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There were no major catalysts from Canada this week, so its relative underperformance was mainly due to broad risk sentiment and counter currency flow.

By the end of the week, the Loonie was only able to outperform the safe haven yen and Swiss franc, while underperforming against the other majors.

Overlay of CAD Pairs: 1-Hour Forex Chart
Overlay of CAD Pairs: 1-Hour Forex Chart
CAD Weekly Performance from MarketMilk
CAD Weekly Performance from MarketMilk

Canadian Headlines and Economic data

Monday:

The big market driver of the week came on Monday from Pfizer / BioNTech, announcing that their COVID vaccine is more than 90% effective. This sparked a big risk-on move across the financial markets as traders priced in the odds of an economic recovery coming sooner rather than later. This sentiment did fade by the Monday U.S. session, but lingered on to influence the markets through most of the week. The Canadian dollar was a big gainer on the news, as well as oil as expectations of oil demand rising was priced in as well.

Overlay of CAD Pairs & Oil (Black Line): 1-Hour Forex Chart
Overlay of CAD Pairs & Oil (Black Line): 1-Hour Forex Chart

Wednesday:

Trudeau says Canada will not bow to China’s ‘coercive diplomacy’ – China is pressuring Canada over the case of Huawei Chief Financial Officer Meng Wanzhou who was arrested in Canada on a U.S. warrant almost two years ago.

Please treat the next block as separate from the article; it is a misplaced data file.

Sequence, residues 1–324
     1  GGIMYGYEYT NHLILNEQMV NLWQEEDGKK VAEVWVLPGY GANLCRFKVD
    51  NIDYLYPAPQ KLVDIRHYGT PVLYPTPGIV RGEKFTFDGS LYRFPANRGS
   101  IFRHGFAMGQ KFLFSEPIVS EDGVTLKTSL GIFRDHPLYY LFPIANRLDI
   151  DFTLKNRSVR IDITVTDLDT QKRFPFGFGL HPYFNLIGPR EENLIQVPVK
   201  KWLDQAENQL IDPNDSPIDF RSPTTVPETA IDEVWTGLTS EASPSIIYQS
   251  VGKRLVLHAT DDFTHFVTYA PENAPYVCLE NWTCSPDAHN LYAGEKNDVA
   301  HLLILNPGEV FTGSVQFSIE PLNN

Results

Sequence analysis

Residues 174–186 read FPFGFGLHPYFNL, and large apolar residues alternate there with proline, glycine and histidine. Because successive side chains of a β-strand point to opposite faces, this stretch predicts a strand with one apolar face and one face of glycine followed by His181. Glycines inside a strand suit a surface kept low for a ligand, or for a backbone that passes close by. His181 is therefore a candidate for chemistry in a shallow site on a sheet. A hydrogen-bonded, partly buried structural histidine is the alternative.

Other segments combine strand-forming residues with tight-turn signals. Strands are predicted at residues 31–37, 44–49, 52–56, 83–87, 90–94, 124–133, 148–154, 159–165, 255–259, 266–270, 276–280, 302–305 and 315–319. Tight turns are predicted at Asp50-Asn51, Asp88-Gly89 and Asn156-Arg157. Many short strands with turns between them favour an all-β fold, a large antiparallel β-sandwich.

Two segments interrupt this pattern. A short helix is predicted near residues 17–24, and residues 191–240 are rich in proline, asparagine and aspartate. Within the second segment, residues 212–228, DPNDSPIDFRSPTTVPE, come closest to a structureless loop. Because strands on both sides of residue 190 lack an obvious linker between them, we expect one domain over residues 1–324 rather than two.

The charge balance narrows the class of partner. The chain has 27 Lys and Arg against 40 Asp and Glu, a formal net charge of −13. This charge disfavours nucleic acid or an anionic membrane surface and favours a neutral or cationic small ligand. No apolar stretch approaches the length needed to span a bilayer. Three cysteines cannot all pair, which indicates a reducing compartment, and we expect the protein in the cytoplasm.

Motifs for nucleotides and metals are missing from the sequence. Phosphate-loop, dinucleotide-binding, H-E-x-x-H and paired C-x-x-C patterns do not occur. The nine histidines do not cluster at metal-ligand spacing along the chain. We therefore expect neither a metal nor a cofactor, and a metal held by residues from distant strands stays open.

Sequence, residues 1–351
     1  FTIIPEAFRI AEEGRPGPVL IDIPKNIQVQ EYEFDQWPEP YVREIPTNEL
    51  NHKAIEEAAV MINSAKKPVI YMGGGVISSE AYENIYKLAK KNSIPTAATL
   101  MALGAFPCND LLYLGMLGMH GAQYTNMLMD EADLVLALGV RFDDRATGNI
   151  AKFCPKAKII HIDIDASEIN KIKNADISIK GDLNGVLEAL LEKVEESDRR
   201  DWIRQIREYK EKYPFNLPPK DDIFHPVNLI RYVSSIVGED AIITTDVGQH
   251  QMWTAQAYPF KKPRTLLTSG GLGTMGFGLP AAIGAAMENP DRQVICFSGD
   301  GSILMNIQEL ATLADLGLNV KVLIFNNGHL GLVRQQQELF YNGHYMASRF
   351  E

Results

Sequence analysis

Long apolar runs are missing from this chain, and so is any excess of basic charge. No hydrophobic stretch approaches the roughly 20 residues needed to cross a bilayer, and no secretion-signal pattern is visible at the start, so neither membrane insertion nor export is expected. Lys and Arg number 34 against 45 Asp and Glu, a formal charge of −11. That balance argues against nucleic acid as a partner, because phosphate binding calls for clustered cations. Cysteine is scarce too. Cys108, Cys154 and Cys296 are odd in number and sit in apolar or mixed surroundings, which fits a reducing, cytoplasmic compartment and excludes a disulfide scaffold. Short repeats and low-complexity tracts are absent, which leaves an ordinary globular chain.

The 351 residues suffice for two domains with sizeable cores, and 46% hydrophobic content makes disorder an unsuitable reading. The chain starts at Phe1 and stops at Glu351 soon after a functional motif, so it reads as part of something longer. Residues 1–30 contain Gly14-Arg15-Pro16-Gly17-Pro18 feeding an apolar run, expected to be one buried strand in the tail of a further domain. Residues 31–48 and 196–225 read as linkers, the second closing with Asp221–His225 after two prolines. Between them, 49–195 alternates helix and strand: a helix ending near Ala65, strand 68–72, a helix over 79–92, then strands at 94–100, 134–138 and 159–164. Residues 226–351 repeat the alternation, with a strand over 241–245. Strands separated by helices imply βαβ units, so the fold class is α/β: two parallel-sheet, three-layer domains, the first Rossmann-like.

Easy’ UK-Canada trade deal should be secured by end of year: Trudeau

The Canadian dollar and oil shifted lower during the Wednesday and Thursday session, likely a move supported by a broad shift in risk sentiment towards negative. It’s likely traders were coming off vaccine news highs and focusing on the rising COVID cases in Europe and the U.S., as well as the falling odds of a new stimulus bill coming from the U.S. government.

It’s also likely that OPEC’s cut to its 2020 oil demand forecast was a factor in pressuring oil prices and the Loonie as well.

Thursday:

Post-pandemic Canada must set sights higher to boost growth: BoC’s Wilkins

  • “Canada is likely to exit the pandemic with a lower profile for potential output, which will significantly diminish its ability to generate goods, services and incomes on a sustainable basis, Wilkins said.”
  • “Wilkins noted that immigration has fueled Canada’s economic growth in recent years and said higher levels would boost potential growth over time.”

U.S. crude inventories rise unexpectedly, fuel draws down -EIA

Friday:

Oil Pares Weekly Gain as Viral Surge Overshadows Vaccine Promise -Futures fell 2.4% in New York on Friday